Today in New West news: judge orders Yellowstone Club founder pay $286 million to creditors, U.S. Forest Service proposes “cultural shift,” and living in an Idaho shipping container.
Earlier this year, we reported that Yellowstone Club founder had been found guilty of mismanaging funds—burning through a $286 million loaned to the ultrarich getaway and squandering it for personal use—and could be responsible for paying it all back. Now, the Bozeman Daily Chronicle reports, Blixseth will have to pay it all back:
The order Wednesday from U.S. Bankruptcy Judge Ralph Kirscher is the latest turn in a yearslong hunt for assets of Timothy Blixseth, the founder of the Yellowstone Club, a private ski and golf resort near Big Sky with an elite group of members including Microsoft co-founder Bill Gates.
Blixseth diverted hundreds of millions of dollars from a 2005 Credit Suisse loan to the club, using the money to buy jets, yachts and luxury properties around the globe. His ex-wife received the club as part of their divorce settlement in 2008 and it went bankrupt within months after its huge liabilities were uncovered. The club later emerged from bankruptcy under new ownership.
Blixseth said Thursday via email that he had no comment on the $286 million judgment. He is now representing himself in the case and said in a court filing last week that blame for the club’s bankruptcy should be shared by Credit Suisse, which he claimed unfairly enticed him into accepting a reckless loan.
Kirscher agreed with that claim in 2010, when he issued a reduced, $41 million judgment against Blixseth. But the Ninth Circuit Court of Appeals reversed that ruling in July, saying Credit Suisse’s wrongdoing paled against Blixseth’s and he should have to relinquish his “ill-gotten gains.”
Credit Suisse spokeswoman Nicole Sharp declined comment Thursday.
The trustee for the club’s creditors has recovered only $141.07 from Blixseth despite a string of multi-million judgments against him in Montana and California courts.
Meanwhile, according to the Denver Post, the U.S. Forest Service is hoping to set of a “cultural shift” within the agency to get more people interest in visiting forestlands:
The agency’s top recreation officials Wednesday gathered at the REI flagship store in Denver with dozens of outfitters, guides and outdoor-industry leaders to discuss the transformation of the 111-year-old agency.
The Forest Service last year began exploring how it could draw more newcomers to public lands. The agency found it would need a cultural shift, transitioning toward using Forest Service staff and upgraded technology to enhance the visitor experience and enable more use.
“We have a strange tendency of gearing toward ‘no’ than gearing toward ‘yes,’” said Tinnelle Bustam, the Forest Service’s assistant director of recreation. “We want to pivot from ‘no’ and pivot toward ‘yes.’”
Several dozen permit holders — rock climbing, mountain biking and rafting guides, university outdoor programs, climbing clubs, inner-city outdoor groups, hunting and fishing outfitters, dude-ranch owners — cheered the proposed transformation of an agency that has caused them many headaches over the years.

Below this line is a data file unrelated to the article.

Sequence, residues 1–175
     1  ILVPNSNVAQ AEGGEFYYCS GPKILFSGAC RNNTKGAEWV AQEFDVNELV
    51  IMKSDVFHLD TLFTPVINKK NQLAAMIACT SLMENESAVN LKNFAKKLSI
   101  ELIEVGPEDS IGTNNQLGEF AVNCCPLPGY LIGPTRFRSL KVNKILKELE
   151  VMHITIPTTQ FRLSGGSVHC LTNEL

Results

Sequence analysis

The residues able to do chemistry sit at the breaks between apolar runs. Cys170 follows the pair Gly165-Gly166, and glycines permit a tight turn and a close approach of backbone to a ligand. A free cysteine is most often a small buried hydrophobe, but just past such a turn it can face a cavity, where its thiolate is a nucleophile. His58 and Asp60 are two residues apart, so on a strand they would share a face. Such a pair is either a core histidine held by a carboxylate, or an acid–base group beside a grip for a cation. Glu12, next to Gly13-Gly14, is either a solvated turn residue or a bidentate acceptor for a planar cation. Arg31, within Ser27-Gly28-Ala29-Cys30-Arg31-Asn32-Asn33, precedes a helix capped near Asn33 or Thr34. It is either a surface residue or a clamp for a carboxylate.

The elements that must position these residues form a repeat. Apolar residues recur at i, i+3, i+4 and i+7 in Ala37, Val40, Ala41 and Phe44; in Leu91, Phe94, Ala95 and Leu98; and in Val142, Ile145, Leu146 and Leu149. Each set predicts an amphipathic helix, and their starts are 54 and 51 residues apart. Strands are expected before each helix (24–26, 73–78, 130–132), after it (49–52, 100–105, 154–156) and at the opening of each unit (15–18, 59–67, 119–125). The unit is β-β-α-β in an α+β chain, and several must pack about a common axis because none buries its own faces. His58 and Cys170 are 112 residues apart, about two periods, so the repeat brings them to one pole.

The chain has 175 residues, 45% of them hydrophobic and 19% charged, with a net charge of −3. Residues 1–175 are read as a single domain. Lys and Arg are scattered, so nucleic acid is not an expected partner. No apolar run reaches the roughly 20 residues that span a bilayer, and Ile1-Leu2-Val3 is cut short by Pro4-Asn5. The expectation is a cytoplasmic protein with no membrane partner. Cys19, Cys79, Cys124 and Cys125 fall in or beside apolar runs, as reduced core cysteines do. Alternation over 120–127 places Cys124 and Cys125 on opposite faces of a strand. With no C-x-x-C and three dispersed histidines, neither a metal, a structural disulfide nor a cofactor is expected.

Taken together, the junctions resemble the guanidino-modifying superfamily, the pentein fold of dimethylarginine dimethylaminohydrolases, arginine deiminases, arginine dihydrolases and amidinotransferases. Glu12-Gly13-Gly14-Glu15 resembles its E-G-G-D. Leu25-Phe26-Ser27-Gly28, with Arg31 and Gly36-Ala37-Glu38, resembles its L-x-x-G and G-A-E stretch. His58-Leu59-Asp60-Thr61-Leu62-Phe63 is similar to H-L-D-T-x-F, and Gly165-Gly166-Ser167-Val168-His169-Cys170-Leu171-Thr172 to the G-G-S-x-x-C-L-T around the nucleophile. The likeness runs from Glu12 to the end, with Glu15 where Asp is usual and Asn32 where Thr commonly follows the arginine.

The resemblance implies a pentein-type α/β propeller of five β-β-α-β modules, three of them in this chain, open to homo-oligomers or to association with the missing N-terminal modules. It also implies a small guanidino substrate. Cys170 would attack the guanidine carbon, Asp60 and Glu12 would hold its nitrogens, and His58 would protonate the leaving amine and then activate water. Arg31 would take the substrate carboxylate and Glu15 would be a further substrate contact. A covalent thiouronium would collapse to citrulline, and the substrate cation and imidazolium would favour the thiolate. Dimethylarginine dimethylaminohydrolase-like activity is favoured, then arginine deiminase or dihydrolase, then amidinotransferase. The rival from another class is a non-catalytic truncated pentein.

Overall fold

The Forest Service’s permit-system revamp stems from a two-year effort by the Outdoor Access Working Group, a loosely knit collective of about 40 outdoor industry partners. The group pleaded for an overhaul of the recreation special-use permit system to provide opportunities to inner-city youth and minorities, and lure other new visitors to public lands.
U.S. Forest Service chief Tom Tidwell and Agriculture Secretary Tom Vilsak in June announced the first steps toward changing the way special-use recreational permits are issued. Outdoor recreation on public lands contributes $13 billion to the national economy and supports 205,000 jobs, many of those based in rural economies.
Finally, according to the Idaho Statesman, developer David Herman is working on a 17-home subdivision in Garden City, built from disused cargo shipping containers. Herman says he has 37 people interested in living in the subdivision, and previously told the Statesman in February he expected the subdivision to be finished by the end of the summer. However, no construction has begun, according to Herman:
Herman said he spent months working on some last infrastructure issues with city officials, then discovered mortgage lenders who were amenable to the project last year had cooled on the idea of shipping container houses.
He learned that, he said, when one buyer tried to pre-qualify for a loan.
“She had her lending institution contact me,” Herman said. “He said ‘We just don’t have any appetite for that housing model.’”
That was a bit of shock, he said, as lenders had previously approached him.
The development is now on “hiatus” until Herman can sort out what’s going on with the lenders and the market. But he remains committed to getting it built.
The plan approved by the city calls for a single row of 17 homes on a 1.2-acre site on Remington Street, next to the racetrack at the fairgrounds. Each house would made of four shipping containers (two sets of side-by-side containers).
The anticipated sale price for each home is about $152,000.
“It’s going to move forward,” Herman said. “I feel obligated, morally and ethically. I don’t want to go back [to the city] and fight the battle with them and say, ‘Gee whiz, we’re going to build apartments.’ We’d start over at square one. It’s not my desire to do that.”